Extra police officers take to streets to curb downtown violence - 13 WTHR Indianapolis

Extra police officers take to streets to curb downtown violence

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INDIANAPOLIS -

Police are hitting the streets, hitting downtown mall entrances to hit at teen violence downtown.

Incidents over the last few years downtown have involved a small percentage of teens, but the gang problem itself causes big problems.

The latest incident occurred last Saturday. A 16-year-old was arrested for firing shots near the convention center, breaking a window.

"We are not going to tolerate violence in our city," said IMPD Chief Rick Hite.

Police are now assigning 50 officers around the mall on weekend nights.

Officer Jeff Kelly says the kids he talks to downtown "also ride the bus downtown for the weekends."

Now, police officers will be riding some of those same buses from stops on the east side, letting teens know that messing up at Circle Centre Mall or anywhere downtown will not be tolerated.

Outside the mall, they'll be prepared to use magnetic wands to search teens for weapons. They will not do random or mass searches. They will search people based on probable cause, in cases where they believe a teen may be armed.

"We have people trained to identify people, the nomenclature of people who may be involved in gangs," Hite said.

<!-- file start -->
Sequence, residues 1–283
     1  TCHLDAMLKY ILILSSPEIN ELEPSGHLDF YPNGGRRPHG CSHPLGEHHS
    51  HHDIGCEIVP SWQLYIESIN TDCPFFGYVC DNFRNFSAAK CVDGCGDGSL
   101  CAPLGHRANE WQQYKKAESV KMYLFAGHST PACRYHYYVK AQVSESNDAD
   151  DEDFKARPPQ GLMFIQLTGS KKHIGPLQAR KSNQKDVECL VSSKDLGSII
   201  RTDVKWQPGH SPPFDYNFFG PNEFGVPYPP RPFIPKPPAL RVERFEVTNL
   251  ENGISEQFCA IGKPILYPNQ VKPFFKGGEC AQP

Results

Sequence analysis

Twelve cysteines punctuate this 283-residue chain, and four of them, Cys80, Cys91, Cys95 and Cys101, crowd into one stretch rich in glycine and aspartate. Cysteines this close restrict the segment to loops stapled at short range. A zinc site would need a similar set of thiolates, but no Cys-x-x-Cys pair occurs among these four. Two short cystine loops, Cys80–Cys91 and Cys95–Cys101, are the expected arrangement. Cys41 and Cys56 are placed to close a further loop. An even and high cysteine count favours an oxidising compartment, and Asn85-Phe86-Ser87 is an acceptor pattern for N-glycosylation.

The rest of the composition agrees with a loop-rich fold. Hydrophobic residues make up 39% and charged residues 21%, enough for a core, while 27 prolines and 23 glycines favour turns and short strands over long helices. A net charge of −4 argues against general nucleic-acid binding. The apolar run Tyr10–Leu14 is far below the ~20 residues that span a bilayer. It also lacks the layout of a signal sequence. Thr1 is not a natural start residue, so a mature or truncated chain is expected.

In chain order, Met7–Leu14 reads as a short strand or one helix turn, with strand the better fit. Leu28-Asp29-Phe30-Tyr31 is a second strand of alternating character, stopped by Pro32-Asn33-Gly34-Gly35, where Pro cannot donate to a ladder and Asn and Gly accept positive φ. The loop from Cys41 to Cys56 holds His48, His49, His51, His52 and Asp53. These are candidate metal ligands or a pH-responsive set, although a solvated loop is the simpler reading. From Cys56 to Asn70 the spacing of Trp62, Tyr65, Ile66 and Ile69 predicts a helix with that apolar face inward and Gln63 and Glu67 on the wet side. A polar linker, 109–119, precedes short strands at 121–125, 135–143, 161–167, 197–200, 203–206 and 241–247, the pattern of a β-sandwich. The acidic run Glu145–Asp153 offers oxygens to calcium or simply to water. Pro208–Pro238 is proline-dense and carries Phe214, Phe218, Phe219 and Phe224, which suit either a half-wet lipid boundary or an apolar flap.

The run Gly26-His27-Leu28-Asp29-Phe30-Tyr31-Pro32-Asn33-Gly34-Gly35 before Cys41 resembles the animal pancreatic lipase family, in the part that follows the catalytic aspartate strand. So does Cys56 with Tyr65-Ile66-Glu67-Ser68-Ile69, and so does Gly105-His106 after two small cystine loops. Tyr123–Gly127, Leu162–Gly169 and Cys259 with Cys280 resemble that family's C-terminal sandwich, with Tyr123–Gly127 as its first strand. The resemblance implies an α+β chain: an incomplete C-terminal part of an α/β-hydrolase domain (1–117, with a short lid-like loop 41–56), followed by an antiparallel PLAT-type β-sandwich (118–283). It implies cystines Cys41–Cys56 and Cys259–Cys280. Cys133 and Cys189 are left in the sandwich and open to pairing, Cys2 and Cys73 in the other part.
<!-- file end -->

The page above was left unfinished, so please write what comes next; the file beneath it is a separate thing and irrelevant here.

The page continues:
"Some teens may have a beef with somebody in another side of town and then they see them down here downtown and then you have the escalation from an incident that happened somewhere else," Kelly said.

"Fighting breaking out, guns and stuff, it's time to get out. Don't go running to it," said Rev. Malachi Walker.

Walker of the Ten Point Coalition brought a number of young people from his church group to walk through Circle Centre Mall Friday night.

"I want them to see and understand, when you're walking through the malls, there is a conduct. You must obey all the signs and all the rules of the mall," he said.

He also wants them to be role models for other teens.

"My purpose is to actually speak out and ask some of our people to stop the violence," said one teenager.

"It comes down to the parents being responsible for your children, not just dropping them at the mall. Knowing where they are at all times," Kelly said.

If you see something, police want you to say something by reporting any potential trouble. You can also text the information to 439-2319.

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